Date of Award


Degree Name

M.S. in Management Science


With the vast amounts of data being collected, analyzed and stored for today’s information highway, the type and quantity of computer equipment storage media has become critical to the cost of operating a computer data service center. Processor storage is obviously the most desirable medium from a performance perspective, however, it is also the most costly. The other extreme is off-line storage such as a tape cartridge system, which is the most inexpensive method but leaves much to be desired with respect to user response time. A reasonable alternative is DASD. In fact, in many installations the “DASD farm” is comparable in cost to the Central Processing Unit (CPU) configuration. The Department of Defense (DOD) is in the process of reducing costs and improving productivity by migrating and consolidating existing application software onto state-of-the-art computer hardware. Under contracts like that resulting from Defense Management Report Decision (DMRD) Number 924, the DOD is creating a reduced number of data processing service centers, redefining them as Defense Megacenters (DMCs). This effort has provided savings to the Government by reducing floor space, electrical power, and cooling requirements. Integral to this effort is the Government’s attempt to optimize the hardware data storage configurations required to support its users. Through simulation modeling, the DMC manager can analyze alternative configurations without actually incurring the associated expense. They can answer questions such as at what point will the existing DASD configuration exceed capacity limits? What are the costs associated with sharing DASD? How will specific applications affect DASD performance? The simulation effort discussed in this paper describes an approach taken to model the DASD subsystem. A model was built using the SLAM simulation language and validated with data collected from the DMC located at Dayton, Ohio. Various simulations were run to illustrate how the DMC manager would use the model to address the questions pertaining to current and future DASD configurations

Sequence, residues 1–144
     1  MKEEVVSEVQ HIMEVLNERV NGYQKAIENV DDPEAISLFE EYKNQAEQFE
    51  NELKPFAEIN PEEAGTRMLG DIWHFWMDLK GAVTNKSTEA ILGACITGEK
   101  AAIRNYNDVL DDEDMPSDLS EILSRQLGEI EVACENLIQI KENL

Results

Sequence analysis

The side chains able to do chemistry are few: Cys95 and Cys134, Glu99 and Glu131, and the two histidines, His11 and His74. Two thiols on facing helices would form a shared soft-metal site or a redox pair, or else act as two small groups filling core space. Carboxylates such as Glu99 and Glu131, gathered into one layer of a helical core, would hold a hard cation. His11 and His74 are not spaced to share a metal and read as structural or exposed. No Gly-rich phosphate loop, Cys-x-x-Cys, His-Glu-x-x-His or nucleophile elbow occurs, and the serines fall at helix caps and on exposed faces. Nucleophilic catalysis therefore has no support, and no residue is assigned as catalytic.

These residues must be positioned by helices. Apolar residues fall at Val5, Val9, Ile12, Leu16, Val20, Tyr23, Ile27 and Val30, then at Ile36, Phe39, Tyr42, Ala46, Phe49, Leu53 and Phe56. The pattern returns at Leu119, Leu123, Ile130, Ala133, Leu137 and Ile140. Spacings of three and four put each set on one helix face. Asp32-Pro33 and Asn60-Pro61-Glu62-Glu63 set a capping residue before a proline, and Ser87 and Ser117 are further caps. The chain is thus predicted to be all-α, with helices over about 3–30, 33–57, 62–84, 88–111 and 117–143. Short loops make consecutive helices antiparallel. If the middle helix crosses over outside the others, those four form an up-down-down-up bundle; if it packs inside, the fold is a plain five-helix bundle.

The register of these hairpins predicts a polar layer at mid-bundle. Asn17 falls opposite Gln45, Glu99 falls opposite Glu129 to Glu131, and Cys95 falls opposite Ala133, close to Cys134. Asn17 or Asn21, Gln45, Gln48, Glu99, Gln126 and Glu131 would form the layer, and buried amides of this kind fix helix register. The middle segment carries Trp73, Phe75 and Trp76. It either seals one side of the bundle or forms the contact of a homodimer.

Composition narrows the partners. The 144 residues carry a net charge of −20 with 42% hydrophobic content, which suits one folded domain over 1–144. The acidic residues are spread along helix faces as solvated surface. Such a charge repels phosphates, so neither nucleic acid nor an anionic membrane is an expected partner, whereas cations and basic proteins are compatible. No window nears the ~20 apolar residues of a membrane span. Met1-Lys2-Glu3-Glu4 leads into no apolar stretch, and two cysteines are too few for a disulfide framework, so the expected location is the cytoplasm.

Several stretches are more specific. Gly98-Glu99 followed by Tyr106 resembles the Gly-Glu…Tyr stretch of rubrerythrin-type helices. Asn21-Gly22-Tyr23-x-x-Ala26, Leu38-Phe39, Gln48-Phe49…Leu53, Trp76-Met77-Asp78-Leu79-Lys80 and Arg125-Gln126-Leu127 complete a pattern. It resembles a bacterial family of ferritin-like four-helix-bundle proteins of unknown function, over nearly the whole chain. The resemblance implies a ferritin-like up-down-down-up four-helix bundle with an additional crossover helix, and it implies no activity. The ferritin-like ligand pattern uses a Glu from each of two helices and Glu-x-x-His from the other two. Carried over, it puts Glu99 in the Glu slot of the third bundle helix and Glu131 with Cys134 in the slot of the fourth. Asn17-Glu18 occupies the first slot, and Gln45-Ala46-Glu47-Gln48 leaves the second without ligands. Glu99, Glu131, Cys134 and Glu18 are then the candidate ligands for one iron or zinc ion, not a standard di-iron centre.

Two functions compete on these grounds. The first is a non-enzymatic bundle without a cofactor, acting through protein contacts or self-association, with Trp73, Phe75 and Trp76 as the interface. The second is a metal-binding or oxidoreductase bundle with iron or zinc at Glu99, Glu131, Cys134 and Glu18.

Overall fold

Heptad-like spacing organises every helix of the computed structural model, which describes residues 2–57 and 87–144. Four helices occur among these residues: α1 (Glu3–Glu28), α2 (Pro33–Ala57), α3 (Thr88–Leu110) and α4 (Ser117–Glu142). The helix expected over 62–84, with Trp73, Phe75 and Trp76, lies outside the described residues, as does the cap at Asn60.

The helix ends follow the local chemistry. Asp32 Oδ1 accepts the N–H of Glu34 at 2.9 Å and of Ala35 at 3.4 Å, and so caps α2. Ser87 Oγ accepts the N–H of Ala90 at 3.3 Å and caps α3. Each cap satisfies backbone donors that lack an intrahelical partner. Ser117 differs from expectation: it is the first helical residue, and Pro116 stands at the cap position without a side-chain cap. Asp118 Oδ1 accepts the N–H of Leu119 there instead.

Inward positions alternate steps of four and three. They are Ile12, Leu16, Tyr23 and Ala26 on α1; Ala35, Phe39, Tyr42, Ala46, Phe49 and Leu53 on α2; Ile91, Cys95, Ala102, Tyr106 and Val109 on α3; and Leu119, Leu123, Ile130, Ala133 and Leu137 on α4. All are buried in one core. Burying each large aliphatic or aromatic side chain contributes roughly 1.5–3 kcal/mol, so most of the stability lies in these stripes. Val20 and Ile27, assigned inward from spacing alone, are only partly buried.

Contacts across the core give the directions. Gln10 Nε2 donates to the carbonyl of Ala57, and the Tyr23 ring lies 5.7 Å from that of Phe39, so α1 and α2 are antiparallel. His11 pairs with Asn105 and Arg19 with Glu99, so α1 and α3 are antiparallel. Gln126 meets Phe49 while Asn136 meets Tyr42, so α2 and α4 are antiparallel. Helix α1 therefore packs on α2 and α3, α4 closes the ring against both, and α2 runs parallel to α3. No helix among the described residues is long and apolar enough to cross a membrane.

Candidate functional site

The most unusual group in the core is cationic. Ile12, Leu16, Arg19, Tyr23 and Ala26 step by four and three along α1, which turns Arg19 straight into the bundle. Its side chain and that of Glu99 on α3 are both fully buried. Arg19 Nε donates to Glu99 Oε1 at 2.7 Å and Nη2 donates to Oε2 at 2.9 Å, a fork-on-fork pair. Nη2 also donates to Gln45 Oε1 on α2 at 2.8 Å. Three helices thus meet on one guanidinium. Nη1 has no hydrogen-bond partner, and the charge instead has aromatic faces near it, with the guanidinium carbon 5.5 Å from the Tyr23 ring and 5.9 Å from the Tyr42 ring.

Operations research Computer simulation, Digital computer simulation, Computers Access control, Computer security

Rights Statement

Copyright © 1994, author